Books | Page Turner
The Author between the Lines
Do we read too much biographical detail into novels?
09 Jul, 2021
(Illustration: Saurabh Singh)
TWO NEW BOOKS, solid in their primary endeavours, in a quiet way nudge the reader to also think about ways in which writers’ biographies influence readings of their work. The Penguin Book of Feminist Writing was always going to be on my reading list, and I am still making my way through it. Its editor, Hannah Dawson, has a vast sampling, setting the reader on their way with an introduction to the many waves of feminism. She also provides a clear understanding about why feminism matters, and why it is so important that we recognise “sexism as structural”.
But I was curious too about a (perhaps minor) aspect of the anthology highlighted in a recent review. Dawson, a historian of ideas at King’s College London, decided to dispense with biographies of the authors whose work is collected. “A woman writing struggles not to be reduced to her life,” says Dawson. “When she writes about something other than herself, she is asked ‘is this about you’? And when she does write about herself, her work is read as small, domestic, narcissistic.” As an introduction to the writers, then, she keeps the information limited to birth and death (“Pandita Ramabai Sarasvati: Born 1858, Karnataka, India/ Died 1922, Bombay Presidency, India”). She prefers to let the writers “do the talking”.
In a piece titled ‘Autobiography and the Novel’ in Languages of Truth: Essays 2003-2020, Salman Rushdie invites the reader to consider the title pages of some of the most well-known novels from the 18th century: Robinson Crusoe, Gulliver’s Travels and Tristram Shandy. The novels are described vividly, the printing details given, but there is no mention of the authors. Rushdie approves, at least to long for a time when writers did not have to field that inevitable question about a novel, “How autobiographical is it?” It is not as if he has not written about his life, he concedes, but the problem is that so much of his life story is known that “readers of a certain kind” try to “decode” his novels in the light of what they think they know. You could say, the readers presume to do the talking.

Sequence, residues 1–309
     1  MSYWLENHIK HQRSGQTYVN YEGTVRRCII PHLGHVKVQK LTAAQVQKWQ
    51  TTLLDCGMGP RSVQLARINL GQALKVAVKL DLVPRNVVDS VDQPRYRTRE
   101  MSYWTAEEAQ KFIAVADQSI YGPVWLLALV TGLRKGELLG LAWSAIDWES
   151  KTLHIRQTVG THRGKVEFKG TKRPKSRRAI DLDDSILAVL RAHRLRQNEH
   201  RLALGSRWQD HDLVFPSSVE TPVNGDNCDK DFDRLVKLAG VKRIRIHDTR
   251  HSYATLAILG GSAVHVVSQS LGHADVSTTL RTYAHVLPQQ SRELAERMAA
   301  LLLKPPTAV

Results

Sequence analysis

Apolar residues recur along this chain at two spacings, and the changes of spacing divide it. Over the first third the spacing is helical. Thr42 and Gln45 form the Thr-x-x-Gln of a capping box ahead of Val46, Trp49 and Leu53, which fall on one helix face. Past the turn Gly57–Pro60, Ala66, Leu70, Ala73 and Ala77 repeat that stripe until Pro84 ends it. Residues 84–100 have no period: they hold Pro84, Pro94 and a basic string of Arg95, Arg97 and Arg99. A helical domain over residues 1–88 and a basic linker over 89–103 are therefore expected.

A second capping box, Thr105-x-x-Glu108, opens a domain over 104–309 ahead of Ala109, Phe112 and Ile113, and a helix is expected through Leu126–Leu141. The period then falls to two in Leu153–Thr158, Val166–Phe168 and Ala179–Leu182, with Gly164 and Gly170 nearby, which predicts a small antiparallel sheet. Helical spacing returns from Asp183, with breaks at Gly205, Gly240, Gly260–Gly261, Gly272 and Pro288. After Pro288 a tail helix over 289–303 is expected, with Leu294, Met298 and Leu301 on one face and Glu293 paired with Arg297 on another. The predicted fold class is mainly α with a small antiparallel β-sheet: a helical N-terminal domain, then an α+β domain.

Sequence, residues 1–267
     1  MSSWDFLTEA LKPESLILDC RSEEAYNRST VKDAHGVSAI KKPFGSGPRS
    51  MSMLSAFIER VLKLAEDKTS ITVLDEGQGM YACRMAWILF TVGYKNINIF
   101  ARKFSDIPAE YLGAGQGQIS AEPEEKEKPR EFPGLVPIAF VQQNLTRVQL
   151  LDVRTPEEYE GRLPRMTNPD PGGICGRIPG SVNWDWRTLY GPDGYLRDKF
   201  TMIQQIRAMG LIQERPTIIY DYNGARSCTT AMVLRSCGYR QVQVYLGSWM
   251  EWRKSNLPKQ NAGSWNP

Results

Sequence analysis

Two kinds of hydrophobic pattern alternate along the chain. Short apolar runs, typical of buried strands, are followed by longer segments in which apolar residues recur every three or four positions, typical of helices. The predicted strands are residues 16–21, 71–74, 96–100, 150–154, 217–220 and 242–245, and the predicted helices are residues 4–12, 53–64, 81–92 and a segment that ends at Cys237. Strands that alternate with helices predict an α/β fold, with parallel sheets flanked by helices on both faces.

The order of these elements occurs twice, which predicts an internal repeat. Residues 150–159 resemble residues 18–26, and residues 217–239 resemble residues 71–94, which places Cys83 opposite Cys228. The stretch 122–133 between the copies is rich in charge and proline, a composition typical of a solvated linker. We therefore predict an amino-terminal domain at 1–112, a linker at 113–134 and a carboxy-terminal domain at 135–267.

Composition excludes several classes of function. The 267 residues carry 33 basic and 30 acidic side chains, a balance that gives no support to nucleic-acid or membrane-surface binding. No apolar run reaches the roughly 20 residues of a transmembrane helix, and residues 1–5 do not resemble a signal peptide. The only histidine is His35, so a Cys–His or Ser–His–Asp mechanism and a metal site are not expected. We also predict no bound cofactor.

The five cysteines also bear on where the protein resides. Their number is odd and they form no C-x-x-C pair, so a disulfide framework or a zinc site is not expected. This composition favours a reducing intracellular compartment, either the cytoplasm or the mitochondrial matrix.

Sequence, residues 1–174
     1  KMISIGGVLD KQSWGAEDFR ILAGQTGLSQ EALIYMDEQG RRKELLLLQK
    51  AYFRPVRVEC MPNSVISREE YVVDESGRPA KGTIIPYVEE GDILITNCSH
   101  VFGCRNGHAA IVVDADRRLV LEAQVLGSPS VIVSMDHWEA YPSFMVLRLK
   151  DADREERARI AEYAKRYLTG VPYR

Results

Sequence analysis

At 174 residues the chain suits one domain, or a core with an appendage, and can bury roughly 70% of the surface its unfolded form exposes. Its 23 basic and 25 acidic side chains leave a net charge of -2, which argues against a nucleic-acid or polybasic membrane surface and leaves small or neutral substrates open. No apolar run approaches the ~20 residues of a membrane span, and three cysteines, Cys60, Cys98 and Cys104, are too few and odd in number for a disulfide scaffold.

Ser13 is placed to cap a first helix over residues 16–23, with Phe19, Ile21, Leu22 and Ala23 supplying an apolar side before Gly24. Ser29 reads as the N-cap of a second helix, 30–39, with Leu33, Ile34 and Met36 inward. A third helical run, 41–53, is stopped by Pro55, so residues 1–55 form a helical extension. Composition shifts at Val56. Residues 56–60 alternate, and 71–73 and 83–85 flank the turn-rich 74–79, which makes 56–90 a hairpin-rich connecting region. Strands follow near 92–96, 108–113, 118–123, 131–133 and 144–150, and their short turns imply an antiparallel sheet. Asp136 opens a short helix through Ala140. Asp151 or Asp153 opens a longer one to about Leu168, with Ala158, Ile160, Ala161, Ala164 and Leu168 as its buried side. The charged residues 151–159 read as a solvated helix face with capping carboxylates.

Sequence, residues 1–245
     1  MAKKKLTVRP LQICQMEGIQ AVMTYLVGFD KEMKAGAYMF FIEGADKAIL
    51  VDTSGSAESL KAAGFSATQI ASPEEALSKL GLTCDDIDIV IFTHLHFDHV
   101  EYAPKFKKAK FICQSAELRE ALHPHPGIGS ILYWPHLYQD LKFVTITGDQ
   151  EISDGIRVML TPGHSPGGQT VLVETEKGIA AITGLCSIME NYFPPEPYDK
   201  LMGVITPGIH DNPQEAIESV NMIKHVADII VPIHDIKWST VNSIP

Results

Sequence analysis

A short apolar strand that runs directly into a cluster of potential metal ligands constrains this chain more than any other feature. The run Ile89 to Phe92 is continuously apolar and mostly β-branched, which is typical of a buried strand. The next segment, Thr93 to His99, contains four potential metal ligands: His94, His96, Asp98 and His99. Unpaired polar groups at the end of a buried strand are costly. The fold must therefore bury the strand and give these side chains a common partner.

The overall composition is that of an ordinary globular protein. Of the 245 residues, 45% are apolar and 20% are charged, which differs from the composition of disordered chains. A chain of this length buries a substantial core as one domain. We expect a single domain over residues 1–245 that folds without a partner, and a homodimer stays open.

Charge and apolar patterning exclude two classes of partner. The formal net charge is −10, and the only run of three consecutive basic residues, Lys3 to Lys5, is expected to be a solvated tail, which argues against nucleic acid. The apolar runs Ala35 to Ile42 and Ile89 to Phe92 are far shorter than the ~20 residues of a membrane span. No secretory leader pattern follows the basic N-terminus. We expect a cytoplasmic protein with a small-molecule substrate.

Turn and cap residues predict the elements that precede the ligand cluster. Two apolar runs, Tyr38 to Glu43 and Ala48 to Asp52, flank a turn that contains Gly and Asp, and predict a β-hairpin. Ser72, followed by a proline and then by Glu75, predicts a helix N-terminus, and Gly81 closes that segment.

As someone who opens an anthology with a quick scan of the biographical sketches of writers included, I wish editors would more often go the path of Jhumpa Lahiri, who wrote full-page appreciations in The Penguin Book of Italian Short Stories. (Introducing Grazia Deledda, for instance, in addition to biographical detail, Lahiri says, “Deledda writes as Rembrandt painted.”) But I do see the point — maybe more readily than I would have if I hadn’t been conditioned by Italian writer Elena Ferrante’s patient explanations of why she prefers to remain behind a pseudonym, even as her novels, including the Neapolitan quartet, find ever more readers worldwide.
In notes, letters and interviews collected in Frantumaglia: A Writer’s Journey (English translation, 2016), she says: “I believe that books, once they are written, have no need of their authors. If they have something to say, they will sooner or later find readers; if not, they won’t.” Her resolve hasn’t stopped speculation about her identity. Equally, it has made her readers protective of her identity, so that a few years ago many of them stared down a journalist’s scoop in going through financial details of an Italian couple to “unmask” who he contended was the real-life Ferrante. We thrilled in the gossip, but in time filtered it out of our minds while reading her books. (It helped that the “unmasked” person was an upright literary figure we felt sympathetic towards.)
To appreciate Ferrante’s novels, we reckon, is not just to respect her plea for remaining off-stage — it is to walk through her reasons for requesting so. In an interview given in 2002, she talks about the human instinct towards “falsehood” as a means of self-preservation. But: “…when one writes one must never lie. In literary fiction you have to be sincere to the point where it’s unbearable, where you suffer the emptiness of the pages. It seems likely that making a clear separation between what we are in life and what we are when we write helps keep self-censorship at bay.”
The debate will continue.
About The Author
Mini Kapoor is a Delhi-based writer
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